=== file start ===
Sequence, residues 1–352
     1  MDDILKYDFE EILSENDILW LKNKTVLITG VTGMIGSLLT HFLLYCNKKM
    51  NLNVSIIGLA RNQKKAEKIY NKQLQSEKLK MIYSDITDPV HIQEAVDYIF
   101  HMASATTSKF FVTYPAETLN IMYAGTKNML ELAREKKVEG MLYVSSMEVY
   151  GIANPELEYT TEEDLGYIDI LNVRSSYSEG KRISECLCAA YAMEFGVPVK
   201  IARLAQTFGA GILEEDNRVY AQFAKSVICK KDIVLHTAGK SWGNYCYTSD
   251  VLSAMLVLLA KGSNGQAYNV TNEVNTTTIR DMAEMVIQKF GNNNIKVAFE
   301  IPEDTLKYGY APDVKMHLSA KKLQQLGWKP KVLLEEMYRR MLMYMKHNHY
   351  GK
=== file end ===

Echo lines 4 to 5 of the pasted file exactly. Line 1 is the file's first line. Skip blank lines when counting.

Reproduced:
   101  HMASATTSKF FVTYPAETLN IMYAGTKNML ELAREKKVEG MLYVSSMEVY
   151  GIANPELEYT TEEDLGYIDI LNVRSSYSEG KRISECLCAA YAMEFGVPVK